the UK scheme, as compared to the Irish scheme, includes voting
at AGM, a call to a call centre, a visit to a branch, even when
there has been no activity on the account, because what we really
want to isolate here is not dormant accounts, it is absolutely
lost accounts where there is no chance at all of the customer
having any relationship with the institution because they have
just totally disappeared.
Q114 Chairman: What about the banks
on that point?
Mr Chisnall: Again, our figure
is the current stock of moneys sitting in dormant accounts according
to the definitions proposed. I think, as we have already said,
there are reasons why the figure does not look to be a comparable
basis to the Irish scheme, the point being that there has been
a lot of reorganisation within the UK banking systemthere
have been demutualisations, there have been mergers. On each of
those instances there will have been customer reunification and,
therefore, what we are saying is we think that a lot of that reunification
that took place in Ireland has already taken place as far as the
UK banks are concerned. In terms of the 250 to 350 million, there
will be some of that money in which the customer will be traceable,
but I think it will be a lower proportion than you saw in Ireland.
Q115 Mr Fallon: For people who count
money, you seem remarkably hazy about how much is actually there.
I am not quite clear, Mrs Knight. In paragraph 35 you say your
figure is corroborated "by cross-reference to the experience
of the Irish scheme" and then you cannot say whether or not
40% of it would in fact be reunited. So, is it corroborated or
is it not corroborated?
Mr Chisnall: We think it is corroborated
because what we have done, we have made estimates before reunification
and, of course, when the Irish scheme actually started to look
at their numbers, they came up with a far clearer view of what
they had got in there than at the start. Where we were trying
to get some sort of feel, which I thought was the right thing
to do as the BBA, is to whether the numbers we were receiving
were in the right sort of ball park or not, in addition to going
back to our members, we looked to see what was the reality once
the Irish banks had started to really focus on this (what was
the reality of their numbers versus the reality of ours) and,
therefore, we did come up with numbers that we felt broadly comparable.
Q116 Mr Fallon: What is the answer
to my question? If you are 350 million, what percentage will be
reunified, do you expect? Is it 40%, or is it lower?
Ms Knight: No, it will be lower
than that because of the reasons that my colleague, Paul Chisnall,
Q117 Mr Fallon: So what will it be?
Ms Knight: And that is that a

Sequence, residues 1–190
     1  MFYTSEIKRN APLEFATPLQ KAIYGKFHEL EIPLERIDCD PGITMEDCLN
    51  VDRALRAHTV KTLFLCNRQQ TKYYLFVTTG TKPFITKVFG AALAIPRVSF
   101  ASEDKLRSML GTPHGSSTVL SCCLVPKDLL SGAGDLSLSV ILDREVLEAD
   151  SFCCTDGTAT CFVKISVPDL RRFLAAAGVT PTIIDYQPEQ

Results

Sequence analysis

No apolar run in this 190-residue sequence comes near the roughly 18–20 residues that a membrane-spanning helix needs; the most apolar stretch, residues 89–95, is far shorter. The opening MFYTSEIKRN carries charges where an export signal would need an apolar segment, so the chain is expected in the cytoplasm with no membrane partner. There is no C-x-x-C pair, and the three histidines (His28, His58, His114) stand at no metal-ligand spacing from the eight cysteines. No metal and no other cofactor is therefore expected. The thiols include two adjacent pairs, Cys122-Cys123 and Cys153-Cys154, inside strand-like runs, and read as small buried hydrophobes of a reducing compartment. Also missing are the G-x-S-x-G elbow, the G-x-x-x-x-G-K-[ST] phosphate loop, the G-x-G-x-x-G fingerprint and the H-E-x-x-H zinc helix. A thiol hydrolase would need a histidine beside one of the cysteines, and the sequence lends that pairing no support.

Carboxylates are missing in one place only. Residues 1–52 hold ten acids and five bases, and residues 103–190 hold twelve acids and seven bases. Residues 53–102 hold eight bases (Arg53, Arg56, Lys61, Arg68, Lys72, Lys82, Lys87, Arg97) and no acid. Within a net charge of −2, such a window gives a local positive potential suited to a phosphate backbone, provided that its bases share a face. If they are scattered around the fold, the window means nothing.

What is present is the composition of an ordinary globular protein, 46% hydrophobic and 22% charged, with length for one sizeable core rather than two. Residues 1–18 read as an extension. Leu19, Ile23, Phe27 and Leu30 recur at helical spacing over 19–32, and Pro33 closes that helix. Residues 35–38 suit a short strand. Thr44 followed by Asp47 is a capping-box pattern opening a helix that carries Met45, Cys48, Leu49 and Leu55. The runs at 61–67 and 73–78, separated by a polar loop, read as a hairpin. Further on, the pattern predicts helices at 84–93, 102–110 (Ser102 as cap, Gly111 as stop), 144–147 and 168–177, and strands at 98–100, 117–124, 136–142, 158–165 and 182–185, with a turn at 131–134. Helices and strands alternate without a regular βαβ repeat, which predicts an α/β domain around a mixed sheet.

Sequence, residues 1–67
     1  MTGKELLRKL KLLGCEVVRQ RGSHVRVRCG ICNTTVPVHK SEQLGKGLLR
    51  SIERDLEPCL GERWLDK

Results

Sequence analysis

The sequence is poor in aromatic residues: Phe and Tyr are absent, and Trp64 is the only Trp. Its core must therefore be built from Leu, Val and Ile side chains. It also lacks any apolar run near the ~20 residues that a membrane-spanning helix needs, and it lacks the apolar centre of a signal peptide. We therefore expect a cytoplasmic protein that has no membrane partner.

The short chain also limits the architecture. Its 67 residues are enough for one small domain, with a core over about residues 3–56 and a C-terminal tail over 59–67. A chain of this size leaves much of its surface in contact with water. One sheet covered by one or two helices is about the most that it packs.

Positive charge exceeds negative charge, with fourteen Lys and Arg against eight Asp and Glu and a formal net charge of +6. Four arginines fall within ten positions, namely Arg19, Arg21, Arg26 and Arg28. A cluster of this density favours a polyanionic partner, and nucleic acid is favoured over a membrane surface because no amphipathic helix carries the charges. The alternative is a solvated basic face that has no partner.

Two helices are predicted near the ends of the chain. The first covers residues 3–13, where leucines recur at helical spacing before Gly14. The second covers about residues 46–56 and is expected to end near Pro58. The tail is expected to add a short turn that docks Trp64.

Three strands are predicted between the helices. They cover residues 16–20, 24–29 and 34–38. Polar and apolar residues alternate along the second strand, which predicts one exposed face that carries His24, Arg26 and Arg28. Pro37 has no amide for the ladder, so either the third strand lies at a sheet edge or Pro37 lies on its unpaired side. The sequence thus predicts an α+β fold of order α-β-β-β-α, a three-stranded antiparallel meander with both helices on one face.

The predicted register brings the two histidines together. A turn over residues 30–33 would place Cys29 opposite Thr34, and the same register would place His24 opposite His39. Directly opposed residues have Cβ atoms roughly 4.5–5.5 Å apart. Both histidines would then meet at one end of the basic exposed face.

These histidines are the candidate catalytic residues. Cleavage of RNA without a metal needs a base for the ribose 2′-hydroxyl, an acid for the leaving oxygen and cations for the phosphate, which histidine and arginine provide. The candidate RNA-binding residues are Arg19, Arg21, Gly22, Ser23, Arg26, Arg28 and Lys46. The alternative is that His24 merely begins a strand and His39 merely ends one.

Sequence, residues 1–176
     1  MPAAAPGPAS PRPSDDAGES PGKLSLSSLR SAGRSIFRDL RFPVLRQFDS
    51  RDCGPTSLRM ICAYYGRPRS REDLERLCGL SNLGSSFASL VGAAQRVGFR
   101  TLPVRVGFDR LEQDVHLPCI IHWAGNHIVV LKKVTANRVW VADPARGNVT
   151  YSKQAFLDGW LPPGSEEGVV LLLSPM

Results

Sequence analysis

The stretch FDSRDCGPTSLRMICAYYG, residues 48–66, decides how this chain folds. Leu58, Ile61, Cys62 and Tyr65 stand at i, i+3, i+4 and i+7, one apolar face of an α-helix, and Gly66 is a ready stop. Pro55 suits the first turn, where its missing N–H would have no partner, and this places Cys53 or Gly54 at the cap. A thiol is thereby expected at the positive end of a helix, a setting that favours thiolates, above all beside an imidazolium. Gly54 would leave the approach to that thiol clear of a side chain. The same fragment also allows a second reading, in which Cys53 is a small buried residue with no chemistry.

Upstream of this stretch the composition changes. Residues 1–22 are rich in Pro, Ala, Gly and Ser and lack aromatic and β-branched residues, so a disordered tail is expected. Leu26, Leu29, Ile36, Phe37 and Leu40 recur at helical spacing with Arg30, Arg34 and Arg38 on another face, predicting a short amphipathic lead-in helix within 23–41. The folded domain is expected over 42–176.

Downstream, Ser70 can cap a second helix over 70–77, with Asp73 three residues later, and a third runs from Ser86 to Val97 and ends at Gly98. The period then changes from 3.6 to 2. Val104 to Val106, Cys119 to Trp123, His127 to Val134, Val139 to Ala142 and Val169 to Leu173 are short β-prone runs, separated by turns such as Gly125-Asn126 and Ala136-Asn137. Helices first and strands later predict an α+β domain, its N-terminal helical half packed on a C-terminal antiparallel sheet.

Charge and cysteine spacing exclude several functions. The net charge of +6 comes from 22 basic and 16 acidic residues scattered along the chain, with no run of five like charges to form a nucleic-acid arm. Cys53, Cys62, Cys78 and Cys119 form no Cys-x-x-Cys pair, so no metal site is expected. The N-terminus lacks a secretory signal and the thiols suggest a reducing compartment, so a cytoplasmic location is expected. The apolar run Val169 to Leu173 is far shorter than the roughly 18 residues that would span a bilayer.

lot of the work which the Irish banks had not actually undertaken
has already been done by our members. It is very difficult to
give you an answer to the question, because you are asking me
what is going to be the effect of individuals getting in touch
with institutions with which they have had no contact for a number
of years, but where we do believe that there is a real need to
ensure that there is a difference between us and the Irish scheme
is this definition of dormancy: because if it is only transaction
based, then we would be saying more of this money will not be
reclaimed, and we do not think that that is quite right. We think
the right thing to do is, where there is knowledge of the individual,
regardless of whether a transaction has taken place in 15 years,
that individual has a right to their account.
Q118 Mr Todd: If the money is passed
over to the reclaim fund and then the account holder is identified,
will there be any cost in reactivating the account? How are you
intending to maintain a record of that account and any interest
that might be earned on it?
Mr Coles: It is up to the institution
to keep a record of the account, and it will be up to the institution
to keep a record of the account even when this new scheme comes;
so I do not think the introduction of the scheme will have any
particular implications for customers. This is very much behind
the scenes as far as the customer is concerned. They will still
be able to reclaim their money in the same way.
Q119 Mr Todd: I was suggesting there
will be some implications for you, in that there may be some costs
involved in reactivating an account which you had placed into
some sort of different
Mr Cornish: The costs, I do not
think, will come at the point of reactivation, they will come
in doing the systems work to identify these accounts and the costs
will come in actually doing the reunification exercise. Once that
has been done, when a customer walks in, the marginal cost of
essentially reactivating the account at that point will be the